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Total Recall: Looking Back at 2004?
by Steve Portigal


It’s a common exercise in December to reflect back on the about-to-expire year, but it can be particularly challenging to identify the highlights in any category. Sure, cultural critics produce a raft of best-of lists, but how easy is it for the rest of us to look back?
We are all exposed to media (or information, or stories, or whatever term you'd like to use) at an enormous quantity and at a staggering rate, receiving content from TV, magazines, newspapers, advertising, blogs, music (radio, CDs, and MP3s), email and more. So, it shouldn't be hard for me to come up with some 2004 list of something, right? After all, I read two daily papers, more than 125 blog feeds, and about 10 magazines. I manage two mailing lists (one about the Rolling Stones and one about user research), participate in several others, as well as online discussion forums. I contribute to three different blogs. I’ve got a handle on the zeitgeist, right?
Wrong. I can’t remember a damn thing.

What the heck happened in 2004? I can remember the front-page stuff (crimes, war, politics) but little else. So I decided to do an experiment: I went to several online sources—BoingBoing, MetaFilter, and Core77, and skimmed their archives of two random 2004 months, February and April. I used these sites as triggers for stories that seemed cool when they broke but eluded my memory by the time December rolled around.

Just those two months amounted to over 150,000 words—and many, many stories. Most I recognized with a hockey-card collector's nod—"seen it; seen it; seen it;" some I didn’t notice at all at the time (or if I did notice, made so little impact that I didn’t recognize them months later); and a few still seemed new and cool. But a bunch of others stood out as important, had personal resonance for me, and seemed, somehow, to be representative of the year. So here we go:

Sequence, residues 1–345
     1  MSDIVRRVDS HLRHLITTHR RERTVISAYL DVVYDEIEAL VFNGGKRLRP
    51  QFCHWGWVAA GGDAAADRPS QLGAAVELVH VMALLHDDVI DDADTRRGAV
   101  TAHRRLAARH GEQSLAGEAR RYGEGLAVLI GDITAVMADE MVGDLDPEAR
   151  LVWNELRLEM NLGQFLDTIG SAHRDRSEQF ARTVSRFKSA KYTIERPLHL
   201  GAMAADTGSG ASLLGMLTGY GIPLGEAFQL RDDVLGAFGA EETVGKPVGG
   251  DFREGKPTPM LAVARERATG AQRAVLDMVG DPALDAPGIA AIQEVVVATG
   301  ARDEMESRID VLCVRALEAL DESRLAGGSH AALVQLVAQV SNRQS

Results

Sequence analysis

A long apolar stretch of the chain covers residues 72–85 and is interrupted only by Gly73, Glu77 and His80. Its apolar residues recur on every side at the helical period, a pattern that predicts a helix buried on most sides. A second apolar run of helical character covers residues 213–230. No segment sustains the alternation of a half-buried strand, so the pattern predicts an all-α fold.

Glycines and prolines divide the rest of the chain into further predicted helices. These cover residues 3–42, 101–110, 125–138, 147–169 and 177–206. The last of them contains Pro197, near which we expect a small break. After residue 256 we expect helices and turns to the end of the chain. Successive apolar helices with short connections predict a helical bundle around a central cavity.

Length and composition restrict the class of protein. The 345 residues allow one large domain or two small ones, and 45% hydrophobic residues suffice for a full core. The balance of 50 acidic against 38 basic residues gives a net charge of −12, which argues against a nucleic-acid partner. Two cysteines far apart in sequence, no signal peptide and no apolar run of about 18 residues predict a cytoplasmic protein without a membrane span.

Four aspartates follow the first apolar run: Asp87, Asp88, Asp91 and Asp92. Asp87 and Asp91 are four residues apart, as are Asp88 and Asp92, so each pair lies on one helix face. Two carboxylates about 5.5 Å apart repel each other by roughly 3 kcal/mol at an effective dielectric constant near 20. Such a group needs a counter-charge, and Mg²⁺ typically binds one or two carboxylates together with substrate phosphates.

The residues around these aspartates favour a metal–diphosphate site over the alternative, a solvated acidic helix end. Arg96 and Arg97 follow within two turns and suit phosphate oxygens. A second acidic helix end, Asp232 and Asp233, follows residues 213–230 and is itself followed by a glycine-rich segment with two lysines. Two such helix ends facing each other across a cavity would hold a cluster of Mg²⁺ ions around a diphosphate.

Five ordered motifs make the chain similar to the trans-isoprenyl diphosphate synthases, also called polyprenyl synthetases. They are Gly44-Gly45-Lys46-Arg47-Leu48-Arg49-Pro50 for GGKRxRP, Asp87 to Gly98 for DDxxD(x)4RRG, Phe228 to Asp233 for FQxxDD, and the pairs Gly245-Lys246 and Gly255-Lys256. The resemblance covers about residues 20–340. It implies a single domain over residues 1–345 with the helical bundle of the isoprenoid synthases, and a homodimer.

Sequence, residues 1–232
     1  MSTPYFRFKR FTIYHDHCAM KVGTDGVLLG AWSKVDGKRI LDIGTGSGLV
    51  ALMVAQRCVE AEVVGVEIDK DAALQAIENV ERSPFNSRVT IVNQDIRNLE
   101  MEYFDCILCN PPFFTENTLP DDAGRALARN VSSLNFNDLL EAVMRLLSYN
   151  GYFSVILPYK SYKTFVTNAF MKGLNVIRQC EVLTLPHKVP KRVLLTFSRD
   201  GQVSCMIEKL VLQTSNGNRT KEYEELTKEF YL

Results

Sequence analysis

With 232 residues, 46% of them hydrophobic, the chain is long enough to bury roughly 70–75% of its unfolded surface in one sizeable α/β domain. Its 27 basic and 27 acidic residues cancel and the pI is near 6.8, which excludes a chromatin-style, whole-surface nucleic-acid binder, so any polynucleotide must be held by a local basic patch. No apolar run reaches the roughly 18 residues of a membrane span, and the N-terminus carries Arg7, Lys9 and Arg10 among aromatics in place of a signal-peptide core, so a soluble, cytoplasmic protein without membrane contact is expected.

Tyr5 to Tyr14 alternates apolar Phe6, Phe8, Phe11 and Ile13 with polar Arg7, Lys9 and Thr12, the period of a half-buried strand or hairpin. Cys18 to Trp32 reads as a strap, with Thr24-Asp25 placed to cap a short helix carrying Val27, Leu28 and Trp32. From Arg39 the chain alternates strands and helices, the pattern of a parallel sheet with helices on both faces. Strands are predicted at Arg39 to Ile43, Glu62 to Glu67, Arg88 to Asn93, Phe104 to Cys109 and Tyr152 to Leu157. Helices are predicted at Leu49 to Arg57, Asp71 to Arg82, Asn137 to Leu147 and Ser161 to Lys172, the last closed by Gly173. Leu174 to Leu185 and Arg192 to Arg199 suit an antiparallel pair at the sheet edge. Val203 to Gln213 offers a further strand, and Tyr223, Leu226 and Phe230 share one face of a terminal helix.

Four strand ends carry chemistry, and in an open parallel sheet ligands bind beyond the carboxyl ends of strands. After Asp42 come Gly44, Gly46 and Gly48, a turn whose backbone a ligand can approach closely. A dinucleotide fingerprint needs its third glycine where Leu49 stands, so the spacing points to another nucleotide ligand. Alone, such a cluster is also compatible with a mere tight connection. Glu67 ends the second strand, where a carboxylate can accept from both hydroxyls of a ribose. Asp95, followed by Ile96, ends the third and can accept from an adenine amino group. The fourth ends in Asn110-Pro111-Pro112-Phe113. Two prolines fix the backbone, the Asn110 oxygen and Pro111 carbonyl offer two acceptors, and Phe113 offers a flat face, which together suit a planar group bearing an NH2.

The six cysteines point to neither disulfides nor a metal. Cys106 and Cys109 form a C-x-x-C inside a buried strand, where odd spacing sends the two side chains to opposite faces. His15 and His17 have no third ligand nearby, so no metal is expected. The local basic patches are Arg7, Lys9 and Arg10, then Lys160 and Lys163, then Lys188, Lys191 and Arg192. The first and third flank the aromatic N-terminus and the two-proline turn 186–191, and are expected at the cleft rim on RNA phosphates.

February, 2004: April, 2004

These are stories about design, technology, culture, politics, media, and entertainment, all jammed together—stories that are probably familiar, but that most of us couldn’t have listed on our own without going back over some kind of archive. Anyone who took Psychology 101 (not me) will know that there are different types of memory. In this case we’re contrasting the memory of recall with the memory of recognition. We might not be able recall the names of all our high school teachers, but we could probably recognize most of them by name or photo. (Of course, there are some teachers who we’ve blocked from both recall and recognition due to excessive trauma—but I digress.)

Perhaps some of the items listed above provided a frisson of recognition, a surprise of a forgotten incident, the pleasure of an interesting experience from the past or a splash of perspective gained from just a few months' distance. And you could do your own lists, using the filter of what tripped your fancy or tickled your funny bone, and that list might provide some fun for others around you, but the parlor game would still hold: in this time of information overload, we seem to need the stimulus to have the response. Why, if we’re consuming so many cultural stories, is it so hard to recall them? Again, those Psych 101 students will know about the Recency Effect—our inclination to add weight to the more recent items. (Film studios plan release dates for award-likely movies based on this phenomenon; Sideways, released in the fall, seems to have won a conspicuous number of film awards.)